Have you heard about the Oregon Quilt Project? According to their website the Oregon Quilt Project is...
"A group of volunteers – quilt historians, quilt enthusiasts and quiltmakers – who believe it is time to survey, record, preserve and share the stories of Oregon quilts and their makers. Many other states have completed similar documentation projects and shared their findings; we think it is time for one to be undertaken in the Beaver State!
This historic 1913 Friendship Quilt with embroidered names of Sisters women will be one of the quilts to be documented by the Oregon Quilt Project. The quilt is currently being stored at the Deschutes History Museum.
Stitchin' Post will have a number of these historic quilts on display starting Friday, February 22nd during regular business hours. Stop by to see them or make an appointment to register your quilts. Keep reading for more information from Oregon Quilt Project...
"The project was launched in 2009 and reorganized in 2012 as a project of the Willamette Heritage Center in Salem. The Heritage Center is located at the historic Thomas Kay Woolen Mill, a site with rich textile history of its own. Since the first quilt documentation day in April, 2010, more than 1,400 quilts have been recorded. We predict that hundreds more will surveyed by the end of the project in April, 2019.
Quilts have been arriving in Oregon since the 1840’s and have continuously been made since that time. They are textile documents, often made by women whose stories may be otherwise unrecorded. What can these textile documents tell us about their makers and the time in which they were made? On a larger scale, can quilts made in or brought to Oregon tell us about community history in our state? Are Oregon quilts unique in patterns, colors, techniques styles or materials? We hope to find some answers to these and other questions."
The Oregon Quilt Project will host a quilt documentation of quilts that currently reside in the state of Oregon. The goal of the project is to unlock the secrets held within the stitches, patterns, and fabrics of the quilt. The Oregon Quilt Project will complete its 10 year journey in Sisters, OR. This event is sponsored by the Sisters Outdoor Quilt Show, East of the Cascades Quilters, Three Sisters Historical Society and Stitchin’ Post.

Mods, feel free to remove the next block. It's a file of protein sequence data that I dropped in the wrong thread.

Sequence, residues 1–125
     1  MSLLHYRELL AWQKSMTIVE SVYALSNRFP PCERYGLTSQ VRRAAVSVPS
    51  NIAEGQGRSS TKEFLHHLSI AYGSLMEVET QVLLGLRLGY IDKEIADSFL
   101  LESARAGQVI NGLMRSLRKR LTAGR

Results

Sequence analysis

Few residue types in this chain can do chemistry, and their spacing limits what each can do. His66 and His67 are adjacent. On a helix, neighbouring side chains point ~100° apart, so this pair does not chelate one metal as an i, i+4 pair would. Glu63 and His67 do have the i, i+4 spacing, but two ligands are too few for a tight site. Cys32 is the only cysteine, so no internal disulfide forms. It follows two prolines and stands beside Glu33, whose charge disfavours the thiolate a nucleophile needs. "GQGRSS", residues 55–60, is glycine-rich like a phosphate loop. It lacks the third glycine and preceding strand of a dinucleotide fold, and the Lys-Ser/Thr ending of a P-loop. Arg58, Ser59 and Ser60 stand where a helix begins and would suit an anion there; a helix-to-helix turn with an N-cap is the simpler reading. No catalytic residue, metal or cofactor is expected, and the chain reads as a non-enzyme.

According to Eileen Fitzsimmons, Project Co-Chair, the documentation sessions for quilt owners will be held Friday, March 8th from 2:00 p.m. – 5:00 p.m. and Saturday, March 9th from 9:00 a.m. – 4:30 p.m. at The Stitchin’ Post (311 W. Cascade Street).
A multi-year survey of quilts in Oregon, the OQP was organized in 2010 and became a project of the Willamette Heritage Center, located in Salem, in 2014. The purpose of the all-volunteer organization is to identify and document quilts and quilters in Oregon and preserve the information for future generations. To date, the project has recorded more than 1500 quilts in Oregon, and hundreds more will be added by April, 2019. “The documentation provides a record of an object that embodies elements of both history and art, within its geographic context. If the quilt comes with a detailed history of its making and its maker, that opens a window into the life, cultural background and motivation of its maker, usually a woman, whose contributions to society may have otherwise gone unrecorded.”, says Eileen Fitzsimmons. Quilts made or owned by individuals and institutions in eastern Oregon can be compared with those from other Oregon counties. For more information and to sign up for an appointment, contact Zeta Seiple at 541-549-6157. Each person may bring two (2) quilts for documentation. Documentation appointments are limited and will be scheduled on a first come first serve basis.
During the event, a team of trained volunteers will travel to collect the history of the quilt and the maker, conduct a physical examination of the textile, and take a photograph. Copies of all documents, the photo, and an OQP label with registration number, will be provided to the owner. Original forms will be retained by the Willamette Heritage Center for future reference and research. The East of the Cascades Quilters are supporting the project with volunteers to assist in the documentation process.
With permission from the quilt owners, the information is collected by the OQP and will be included in a national database, the Quilt Index at Michigan State University in Lansing. The histories and images of more than 50,000 quilts from across the United States have already been filed on the Quilt Index, whose information may be accessed free of charge, via the internet.
Quilt historian Mary Bywater Cross, Portland, encourages owners of quilts that are old, new or made elsewhere that currently are in Oregon to participate in the documentation process. Quilt tops that have not been quilted, “summer quilts” (with a backing but no batting), tied quilts and quilted garments may also be documented. “Quilts are historic documents that often reveal the stories of women whose voices may otherwise go unrecorded,” commented Cross, one of the original members of the Oregon Quilt Project. “The information we collect about the maker and why the quilt was made provides insight into culture and communities throughout Oregon, from the mid-1840s to the present. Quilts are visual records of the human experience. What will we uncover that connects us to quilters in other states or countries, but might also be unique to Oregon.”
For information about the Oregon Quilt Project, visit their website at oregonquiltproject.org. "